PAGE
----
Tales From a Grad Student: Shallow Overturning Circulation

Julius Busecke

Graduate Research Assistant
Columbia University

Julius Busecke is a Ph.D. candidate at Lamont-Doherty Earth Observatory, Columbia University. He received his B.Sc. from the University of Kiel, Germany in 2010. His interests include the ocean's role in the global freshwater cycle, mixing and transport by ocean eddies, and the influence of ocean eddies on the oceanic surface variability.

Webinar Clip
Julius Busecke is interested in ocean circulation but more specifically, something known as shallow overturning circulation. In this clip, Julius explains what that is and uses the North Atlantic Ocean, home of SPURS (Salinity Processes In the Upper Ocean Regional Study) as a case study. He also gives viewers a glimpse at some preliminary results gleaned from a recent cruise to the SPURS.

Full webinar: Ocean Thinking: Changes in Lattitude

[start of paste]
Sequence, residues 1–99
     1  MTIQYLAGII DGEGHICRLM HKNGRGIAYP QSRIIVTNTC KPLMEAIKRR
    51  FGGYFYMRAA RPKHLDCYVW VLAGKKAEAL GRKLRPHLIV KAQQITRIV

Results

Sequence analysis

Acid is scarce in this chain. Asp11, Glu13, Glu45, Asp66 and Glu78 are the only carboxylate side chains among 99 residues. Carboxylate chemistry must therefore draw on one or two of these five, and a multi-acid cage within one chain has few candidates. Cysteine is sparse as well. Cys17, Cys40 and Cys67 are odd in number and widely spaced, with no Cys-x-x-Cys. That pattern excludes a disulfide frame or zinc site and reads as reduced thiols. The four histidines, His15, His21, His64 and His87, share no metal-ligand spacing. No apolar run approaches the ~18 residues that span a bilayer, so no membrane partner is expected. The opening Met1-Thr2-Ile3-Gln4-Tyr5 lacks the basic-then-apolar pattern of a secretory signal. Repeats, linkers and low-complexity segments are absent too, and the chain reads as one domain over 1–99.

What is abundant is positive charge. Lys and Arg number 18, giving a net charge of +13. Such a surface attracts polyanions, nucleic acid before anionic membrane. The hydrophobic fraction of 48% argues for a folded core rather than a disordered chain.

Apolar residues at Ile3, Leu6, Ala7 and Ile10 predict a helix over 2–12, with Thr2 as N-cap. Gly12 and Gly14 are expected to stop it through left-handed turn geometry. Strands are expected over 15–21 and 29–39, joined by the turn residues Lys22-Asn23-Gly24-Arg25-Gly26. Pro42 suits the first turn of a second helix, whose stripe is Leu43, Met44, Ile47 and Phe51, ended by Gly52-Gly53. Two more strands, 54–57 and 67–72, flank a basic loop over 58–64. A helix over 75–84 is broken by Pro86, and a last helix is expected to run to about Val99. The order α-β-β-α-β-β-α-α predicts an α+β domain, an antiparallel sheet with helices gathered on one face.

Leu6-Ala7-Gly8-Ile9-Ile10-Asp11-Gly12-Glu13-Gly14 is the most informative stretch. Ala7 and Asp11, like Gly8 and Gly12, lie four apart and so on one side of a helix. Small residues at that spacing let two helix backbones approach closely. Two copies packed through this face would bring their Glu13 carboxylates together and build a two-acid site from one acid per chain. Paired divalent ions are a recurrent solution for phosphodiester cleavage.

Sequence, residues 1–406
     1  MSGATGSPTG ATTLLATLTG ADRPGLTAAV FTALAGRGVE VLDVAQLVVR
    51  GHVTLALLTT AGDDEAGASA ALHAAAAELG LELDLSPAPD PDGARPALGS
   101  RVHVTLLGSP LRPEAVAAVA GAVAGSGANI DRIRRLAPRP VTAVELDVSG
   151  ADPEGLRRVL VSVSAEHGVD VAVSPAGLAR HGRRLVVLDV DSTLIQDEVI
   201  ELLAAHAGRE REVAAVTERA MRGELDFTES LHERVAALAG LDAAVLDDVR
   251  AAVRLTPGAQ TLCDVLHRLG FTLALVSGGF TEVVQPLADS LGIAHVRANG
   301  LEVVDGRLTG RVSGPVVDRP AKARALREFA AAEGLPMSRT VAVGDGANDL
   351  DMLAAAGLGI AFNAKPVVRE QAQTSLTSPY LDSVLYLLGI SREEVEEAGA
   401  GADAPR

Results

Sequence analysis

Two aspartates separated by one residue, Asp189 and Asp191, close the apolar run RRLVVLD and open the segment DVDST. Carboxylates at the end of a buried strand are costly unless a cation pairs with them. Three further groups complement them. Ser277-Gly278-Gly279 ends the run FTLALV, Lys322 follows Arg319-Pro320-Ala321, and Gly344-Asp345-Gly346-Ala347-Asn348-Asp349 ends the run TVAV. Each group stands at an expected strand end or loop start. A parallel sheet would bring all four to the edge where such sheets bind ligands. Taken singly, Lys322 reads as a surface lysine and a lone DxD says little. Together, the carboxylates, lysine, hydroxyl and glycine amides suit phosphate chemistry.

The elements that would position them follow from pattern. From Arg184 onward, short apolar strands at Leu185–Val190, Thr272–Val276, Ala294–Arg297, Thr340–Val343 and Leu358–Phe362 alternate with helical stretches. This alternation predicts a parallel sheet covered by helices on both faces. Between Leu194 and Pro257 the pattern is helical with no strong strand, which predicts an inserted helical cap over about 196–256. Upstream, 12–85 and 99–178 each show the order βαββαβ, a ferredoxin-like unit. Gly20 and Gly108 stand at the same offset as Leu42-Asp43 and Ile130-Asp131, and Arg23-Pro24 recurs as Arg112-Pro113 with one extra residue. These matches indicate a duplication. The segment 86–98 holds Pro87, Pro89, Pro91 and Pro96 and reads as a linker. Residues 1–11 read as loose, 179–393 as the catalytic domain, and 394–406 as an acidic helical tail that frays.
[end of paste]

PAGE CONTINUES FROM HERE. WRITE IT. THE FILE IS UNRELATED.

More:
Click here for a transcript of this clip (PDF, 42.6 KB).

Applicable Science Standards
  • Asking Questions and Defining Problems Asking Questions and Defining Problems. A practice of science is to ask and refine questions that lead to descriptions and explanations of how the natural and designed world(s) works and which can be empirically tested.
  • Using Mathematics and Computational Thinking Using Mathematics and Computational Thinking. In both science and engineering, mathematics and computation are fundamental tools for representing physical variables and their relationships. They are used for a range of tasks such as constructing simulations; solving equations exactly or approximately; and recognizing, expressing, and applying quantitative relationships.
  • Constructing Explanations and Designing Solutions Constructing Explanations and Designing Solutions. The goal of science is the construction of theories that provide explanatory accounts of the world. A theory becomes accepted when it has multiple lines of empirical evidence and greater explanatory power of phenomena than previous theories.